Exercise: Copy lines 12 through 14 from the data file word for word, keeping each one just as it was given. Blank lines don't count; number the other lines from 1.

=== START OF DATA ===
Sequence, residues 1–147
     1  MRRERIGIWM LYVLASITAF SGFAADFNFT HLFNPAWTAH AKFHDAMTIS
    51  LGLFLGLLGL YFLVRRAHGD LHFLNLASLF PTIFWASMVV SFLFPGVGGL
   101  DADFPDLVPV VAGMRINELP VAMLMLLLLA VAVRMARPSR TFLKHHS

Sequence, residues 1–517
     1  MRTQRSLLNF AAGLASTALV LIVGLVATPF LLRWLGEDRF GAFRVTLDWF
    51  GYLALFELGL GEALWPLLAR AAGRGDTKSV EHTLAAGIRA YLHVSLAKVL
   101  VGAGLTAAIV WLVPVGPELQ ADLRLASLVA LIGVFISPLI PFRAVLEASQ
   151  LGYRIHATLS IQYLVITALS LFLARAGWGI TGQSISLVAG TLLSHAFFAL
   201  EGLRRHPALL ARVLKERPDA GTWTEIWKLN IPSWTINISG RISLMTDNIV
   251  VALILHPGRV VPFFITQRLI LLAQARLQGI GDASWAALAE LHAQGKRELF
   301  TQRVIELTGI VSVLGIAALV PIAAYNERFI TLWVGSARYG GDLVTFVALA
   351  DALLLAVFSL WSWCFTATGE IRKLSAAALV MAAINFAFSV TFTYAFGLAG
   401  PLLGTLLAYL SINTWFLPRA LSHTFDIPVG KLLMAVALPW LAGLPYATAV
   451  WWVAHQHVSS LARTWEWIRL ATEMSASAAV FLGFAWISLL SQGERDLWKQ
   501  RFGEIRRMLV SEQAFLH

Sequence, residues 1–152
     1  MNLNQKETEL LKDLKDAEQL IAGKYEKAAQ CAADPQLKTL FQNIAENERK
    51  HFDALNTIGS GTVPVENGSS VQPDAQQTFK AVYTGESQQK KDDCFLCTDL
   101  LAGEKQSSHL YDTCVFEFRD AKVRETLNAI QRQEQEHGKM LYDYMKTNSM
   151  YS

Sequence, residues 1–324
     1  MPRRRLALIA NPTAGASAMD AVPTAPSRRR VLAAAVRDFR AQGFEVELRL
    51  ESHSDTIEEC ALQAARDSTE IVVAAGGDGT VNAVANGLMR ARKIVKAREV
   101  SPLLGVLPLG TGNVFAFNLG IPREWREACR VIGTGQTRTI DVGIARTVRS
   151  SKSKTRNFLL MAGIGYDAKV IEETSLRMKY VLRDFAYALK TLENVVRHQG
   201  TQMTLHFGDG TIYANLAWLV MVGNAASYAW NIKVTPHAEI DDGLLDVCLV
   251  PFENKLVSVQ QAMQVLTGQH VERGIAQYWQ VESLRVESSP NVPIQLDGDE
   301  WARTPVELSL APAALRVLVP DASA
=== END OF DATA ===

   301  TQRVIELTGI VSVLGIAALV PIAAYNERFI TLWVGSARYG GDLVTFVALA
   351  DALLLAVFSL WSWCFTATGE IRKLSAAALV MAAINFAFSV TFTYAFGLAG
   401  PLLGTLLAYL SINTWFLPRA LSHTFDIPVG KLLMAVALPW LAGLPYATAV